Organisers of the 2022 Birmingham Commonwealth Games have decided to scrap the single athletes’ village after a review of the impact of the COVID-19 pandemic found it could not be completed in time.
Instead, athletes will now be housed in multiple sites with 1,600 set to be housed at the NEC Hotel Campus and 1,900 at the University of Warwick.
“The decision to move away from the single site athletes’ village in the Perry Barr area of the city has been made by the Games Partnership with just under two years to go, after reviewing the impact of the global health pandemic,” said the organisers in a statement.
“It follows an assessment by the project delivery team, who has been working with the construction supply chain, as well as independent experts, on how they could de-risk Games delivery.
“The new three-site campus model for Birmingham 2022 athlete accommodation will be delivered within the overall Games budget of 778 million pounds, with the Games remaining on track to be delivered on time and on budget.”
The village in the Perry Barr area was set to cost 500 million pounds.
The organisers have also started off the search for locations for competing nations to set up their training camps as part of the build-up to the event.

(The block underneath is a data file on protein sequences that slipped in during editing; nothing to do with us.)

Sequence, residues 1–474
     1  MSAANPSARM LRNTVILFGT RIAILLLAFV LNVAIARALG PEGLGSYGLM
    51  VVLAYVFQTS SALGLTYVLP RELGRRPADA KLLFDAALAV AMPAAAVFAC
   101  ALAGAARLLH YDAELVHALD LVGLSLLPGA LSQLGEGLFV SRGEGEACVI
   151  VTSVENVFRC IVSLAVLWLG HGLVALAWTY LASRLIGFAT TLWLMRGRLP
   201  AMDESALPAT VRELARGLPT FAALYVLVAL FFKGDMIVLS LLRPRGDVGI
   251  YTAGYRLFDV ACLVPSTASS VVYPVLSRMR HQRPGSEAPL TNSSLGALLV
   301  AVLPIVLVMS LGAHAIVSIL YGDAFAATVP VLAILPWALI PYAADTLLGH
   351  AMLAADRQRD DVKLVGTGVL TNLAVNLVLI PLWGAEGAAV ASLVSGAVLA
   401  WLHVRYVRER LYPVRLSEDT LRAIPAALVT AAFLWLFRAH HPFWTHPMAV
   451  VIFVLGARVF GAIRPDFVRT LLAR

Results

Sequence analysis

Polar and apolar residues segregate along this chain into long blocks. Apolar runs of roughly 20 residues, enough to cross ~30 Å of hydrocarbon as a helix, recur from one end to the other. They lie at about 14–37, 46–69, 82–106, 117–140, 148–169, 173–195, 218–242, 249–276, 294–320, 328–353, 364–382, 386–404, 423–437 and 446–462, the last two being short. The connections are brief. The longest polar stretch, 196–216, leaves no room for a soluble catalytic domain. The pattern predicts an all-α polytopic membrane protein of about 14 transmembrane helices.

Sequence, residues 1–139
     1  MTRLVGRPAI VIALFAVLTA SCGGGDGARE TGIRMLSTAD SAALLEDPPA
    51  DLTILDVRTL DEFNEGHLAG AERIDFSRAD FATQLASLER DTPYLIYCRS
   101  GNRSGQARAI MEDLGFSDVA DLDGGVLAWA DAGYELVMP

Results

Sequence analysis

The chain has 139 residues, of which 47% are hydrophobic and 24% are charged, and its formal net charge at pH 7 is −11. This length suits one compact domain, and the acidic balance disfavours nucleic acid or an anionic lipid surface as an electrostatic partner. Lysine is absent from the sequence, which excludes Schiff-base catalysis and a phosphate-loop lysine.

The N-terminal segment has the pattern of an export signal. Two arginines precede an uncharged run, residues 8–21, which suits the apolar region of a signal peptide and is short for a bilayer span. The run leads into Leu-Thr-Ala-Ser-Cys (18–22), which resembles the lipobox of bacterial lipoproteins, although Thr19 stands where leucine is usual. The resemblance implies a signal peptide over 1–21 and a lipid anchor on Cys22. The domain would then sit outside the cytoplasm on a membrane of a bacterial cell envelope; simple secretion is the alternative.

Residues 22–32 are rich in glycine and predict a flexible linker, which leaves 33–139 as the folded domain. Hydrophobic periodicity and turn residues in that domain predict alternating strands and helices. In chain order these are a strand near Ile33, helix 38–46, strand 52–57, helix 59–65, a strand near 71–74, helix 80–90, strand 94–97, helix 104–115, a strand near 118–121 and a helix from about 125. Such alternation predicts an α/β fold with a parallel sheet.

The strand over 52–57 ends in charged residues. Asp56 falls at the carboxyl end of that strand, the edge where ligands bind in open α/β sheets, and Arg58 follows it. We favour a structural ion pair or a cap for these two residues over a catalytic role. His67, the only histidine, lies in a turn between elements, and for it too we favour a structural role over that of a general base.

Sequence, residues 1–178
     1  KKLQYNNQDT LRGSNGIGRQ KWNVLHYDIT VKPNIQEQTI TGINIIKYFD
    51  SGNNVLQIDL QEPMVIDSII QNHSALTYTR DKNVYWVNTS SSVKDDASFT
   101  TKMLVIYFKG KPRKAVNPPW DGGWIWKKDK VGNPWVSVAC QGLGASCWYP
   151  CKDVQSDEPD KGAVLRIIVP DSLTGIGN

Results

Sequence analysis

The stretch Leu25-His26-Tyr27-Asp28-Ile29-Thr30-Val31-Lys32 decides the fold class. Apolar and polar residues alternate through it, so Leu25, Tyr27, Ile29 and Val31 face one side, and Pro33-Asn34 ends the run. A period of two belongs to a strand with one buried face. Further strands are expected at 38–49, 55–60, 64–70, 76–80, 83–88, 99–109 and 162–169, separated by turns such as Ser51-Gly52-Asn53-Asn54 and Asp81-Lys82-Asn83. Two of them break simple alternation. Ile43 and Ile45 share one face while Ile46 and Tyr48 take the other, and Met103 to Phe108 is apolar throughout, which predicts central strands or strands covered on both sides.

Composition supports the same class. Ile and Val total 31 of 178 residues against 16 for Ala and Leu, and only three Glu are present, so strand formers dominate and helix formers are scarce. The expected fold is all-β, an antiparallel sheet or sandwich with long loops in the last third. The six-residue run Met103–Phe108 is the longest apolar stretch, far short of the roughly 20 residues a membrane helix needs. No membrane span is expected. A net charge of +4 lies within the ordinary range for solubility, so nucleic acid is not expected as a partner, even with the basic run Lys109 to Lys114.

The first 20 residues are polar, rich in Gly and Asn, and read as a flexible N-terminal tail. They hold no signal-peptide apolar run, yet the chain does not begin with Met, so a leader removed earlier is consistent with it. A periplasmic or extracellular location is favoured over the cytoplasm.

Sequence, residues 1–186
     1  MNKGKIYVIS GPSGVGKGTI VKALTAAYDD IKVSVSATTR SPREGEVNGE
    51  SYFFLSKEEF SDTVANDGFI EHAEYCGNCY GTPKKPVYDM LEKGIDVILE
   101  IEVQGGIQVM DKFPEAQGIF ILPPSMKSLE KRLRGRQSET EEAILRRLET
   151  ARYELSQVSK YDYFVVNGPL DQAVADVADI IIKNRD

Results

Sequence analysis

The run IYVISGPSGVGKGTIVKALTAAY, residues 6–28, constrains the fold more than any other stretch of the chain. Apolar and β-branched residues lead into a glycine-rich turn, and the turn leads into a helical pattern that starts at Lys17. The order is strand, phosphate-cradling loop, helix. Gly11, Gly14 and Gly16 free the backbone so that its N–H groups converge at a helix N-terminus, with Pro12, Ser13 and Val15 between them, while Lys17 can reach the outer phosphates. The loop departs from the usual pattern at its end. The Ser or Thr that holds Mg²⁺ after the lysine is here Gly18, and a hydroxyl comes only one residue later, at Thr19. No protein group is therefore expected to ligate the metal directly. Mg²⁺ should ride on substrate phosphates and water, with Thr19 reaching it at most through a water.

“We have frequently said that the whole region and even the whole country will benefit from Birmingham 2022 and pre-Games training camps are a really great example of how that’s possible,” Birmingham 2022 Chairman John Crabtree was quoted as saying by Inside the Games.”
“We are expecting 6,500 athletes and officials to come to Birmingham and the region to compete in the Games and many of those teams, especially from the larger Commonwealth nations, will be looking to arrive early, acclimatise and fine tune their preparations, before moving into the official Games time accommodation.”
The 2022 Commonwealth Games was originally scheduled to start on July 27 and end on August 7. However, in early June, the Commonwealth Games Federation (CGF) has announced a 24-hour change to the dates due to the COVID-19 pandemic. The Games will now start on July 28 and end on August 8.
“In unprecedented circumstances, I am delighted that we have been able to work in partnership to ensure that the Commonwealth Games will take pride of place in what will be a fantastic summer of sport,” said CGF President Louise Martin.
“The impact of the COVID-19 pandemic on all areas of life, including the international sporting calendar, has been huge. In adversity, I have been proud to work closely alongside partner International Federations and governing bodies to help shape a spectacular six-week period of elite sport. It demonstrates the very best of sport working at the service of athletes.”
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